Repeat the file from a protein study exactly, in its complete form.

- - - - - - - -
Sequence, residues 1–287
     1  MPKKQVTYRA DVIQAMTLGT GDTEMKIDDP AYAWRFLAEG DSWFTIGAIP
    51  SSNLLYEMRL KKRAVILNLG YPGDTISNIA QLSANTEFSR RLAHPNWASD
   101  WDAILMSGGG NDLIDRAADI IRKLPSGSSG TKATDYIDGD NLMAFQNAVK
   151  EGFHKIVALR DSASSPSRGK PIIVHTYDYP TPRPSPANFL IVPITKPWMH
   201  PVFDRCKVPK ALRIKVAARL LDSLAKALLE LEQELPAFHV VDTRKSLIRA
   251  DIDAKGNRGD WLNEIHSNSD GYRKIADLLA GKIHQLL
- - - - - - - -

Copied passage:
Sequence, residues 1–287
     1  MPKKQVTYRA DVIQAMTLGT GDTEMKIDDP AYAWRFLAEG DSWFTIGAIP
    51  SSNLLYEMRL KKRAVILNLG YPGDTISNIA QLSANTEFSR RLAHPNWASD
   101  WDAILMSGGG NDLIDRAADI IRKLPSGSSG TKATDYIDGD NLMAFQNAVK
   151  EGFHKIVALR DSASSPSRGK PIIVHTYDYP TPRPSPANFL IVPITKPWMH
   201  PVFDRCKVPK ALRIKVAARL LDSLAKALLE LEQELPAFHV VDTRKSLIRA
   251  DIDAKGNRGD WLNEIHSNSD GYRKIADLLA GKIHQLL